Even as the availability of advanced driver assistance systems (ADAS) increases, older drivers still use the systems at about the same rate as they did years ago, a new study has found. They also perceived the safety of ADAS as about the same.
Perhaps most tellingly, the study from AAA, found that older drivers who did use ADAS reported that they did so after “figuring it out by themselves” rather than getting the driver training needed to understand the use of the systems.
That’s not a formula for success. The study stated: “Some of the safety benefits may be reduced if older drivers do not use the technologies in their vehicles or they do not learn how these technologies function and, more importantly, the operational limitations of these technologies.”
The Increased Prevalence of ADAS
The study, part of the AAA Longitudinal Research on Aging Drivers (AAA LongROAD) project, involved 2,374 drivers who participated for three years. About 85 percent of the drivers were above the age of 70, with the other 15 percent between the ages of 65 and 69. However, the findings of the study may apply to anyone who does not know how to use the latest ADAS features.
And those ADAS features continue to become more commonplace. The number of study participants having one or more ADAS features in their vehicle increased from 59 percent to 72 percent over the three-year span. The average number of ADAS features per vehicle increased from 2 to 3.3.
The study reported that the most common ADAS features were backup/parking assistance, blind spot warning and integrated Bluetooth cell phone. However, despite the increase in ADAS features, the rate of use among study participants remained about the same over the course of the three-year study.
Lack of Training
The study gave participants different options to indicate how they learned to use ADAS, if they did so at all. The choices included learning from the dealer, owner’s manual, friend or family member, finding information on the internet, figured it out by themselves, or other.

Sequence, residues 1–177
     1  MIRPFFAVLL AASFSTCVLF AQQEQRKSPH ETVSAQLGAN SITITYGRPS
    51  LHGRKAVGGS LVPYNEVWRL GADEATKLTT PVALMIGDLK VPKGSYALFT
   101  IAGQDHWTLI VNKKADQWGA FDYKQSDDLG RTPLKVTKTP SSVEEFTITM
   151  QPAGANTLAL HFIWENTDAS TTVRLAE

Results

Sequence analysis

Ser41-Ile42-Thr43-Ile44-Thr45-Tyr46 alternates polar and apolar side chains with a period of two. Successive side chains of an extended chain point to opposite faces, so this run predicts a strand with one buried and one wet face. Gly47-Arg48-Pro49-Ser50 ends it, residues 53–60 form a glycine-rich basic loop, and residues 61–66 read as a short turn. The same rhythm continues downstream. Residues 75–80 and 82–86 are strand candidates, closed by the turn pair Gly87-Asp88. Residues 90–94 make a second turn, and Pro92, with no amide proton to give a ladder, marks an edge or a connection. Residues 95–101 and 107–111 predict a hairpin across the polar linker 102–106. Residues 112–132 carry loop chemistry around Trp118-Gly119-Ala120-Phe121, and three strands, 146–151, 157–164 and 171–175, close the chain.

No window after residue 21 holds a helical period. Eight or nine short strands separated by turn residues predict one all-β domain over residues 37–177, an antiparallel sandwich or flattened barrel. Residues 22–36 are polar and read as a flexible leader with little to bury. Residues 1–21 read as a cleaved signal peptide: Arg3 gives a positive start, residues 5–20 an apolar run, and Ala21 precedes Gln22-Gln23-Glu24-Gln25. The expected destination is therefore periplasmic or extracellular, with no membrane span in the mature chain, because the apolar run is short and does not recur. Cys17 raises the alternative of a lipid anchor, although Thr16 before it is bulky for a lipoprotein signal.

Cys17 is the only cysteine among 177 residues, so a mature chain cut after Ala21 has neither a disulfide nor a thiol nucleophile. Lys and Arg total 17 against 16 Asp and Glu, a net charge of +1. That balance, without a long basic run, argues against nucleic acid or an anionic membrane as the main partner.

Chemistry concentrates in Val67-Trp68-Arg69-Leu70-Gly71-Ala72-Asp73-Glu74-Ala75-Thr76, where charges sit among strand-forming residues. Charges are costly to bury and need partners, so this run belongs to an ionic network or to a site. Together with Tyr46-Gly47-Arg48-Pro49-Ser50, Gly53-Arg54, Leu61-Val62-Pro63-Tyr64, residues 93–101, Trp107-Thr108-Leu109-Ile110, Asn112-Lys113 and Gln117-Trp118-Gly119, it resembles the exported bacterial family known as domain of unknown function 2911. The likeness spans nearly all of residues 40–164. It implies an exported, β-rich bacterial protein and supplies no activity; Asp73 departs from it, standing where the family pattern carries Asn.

By the third year of the study, more than half (about 51 percent) said they figured it out for themselves, followed by 21 percent who said they learned from the dealer. The next highest response came from about 12 percent of the participants who said they “never learned.”
Those who figured it out themselves may not get the full safety benefits of ADAS. Separate research from the AAA Foundation for Traffic Safety found that those who took a “learn as you go” approach had more gaps in their understanding of ADAS when compared to those who had training.
“Our research finds that drivers who attempt the ‘self-taught’ approach to an advanced driver-assistance system might not fully master its entire capabilities,” Dr. David Yang, executive director of the AAA Foundation for Traffic Safety, said in a news release. “In contrast, drivers who have adequate training are able to effectively use the vehicle technology.”
Also, more than 36 percent of drivers reported using ADAS systems rarely or never, with another 14 percent saying they used ADAS “sometimes.”
Driver Training For ADAS Systems
With decades of experience in training fleet and individual drivers, Driving Dynamics knows the issues surrounding use of ADAS systems. The training company offers a class, Advanced Driver Assistance Systems Virtual Safety Training Course, that specifically addresses these issues.
Experienced instructors lead the virtual classes, teaching drivers how to effectively and safely use the latest ADAS, including back-up warning/camera, blind spot monitor, adaptive cruise control, forward collision warning, lane departure warning and lane-keeping assist.
Drivers review system activation triggers, proper use of the systems and any challenges the systems present. They also learn the limitations of ADAS and the hazards of having too much dependence on them.
As the AAA study shows, more ADAS systems are available. The key is teaching drivers what they can do - and just as importantly, what they cannot do - with these advanced systems.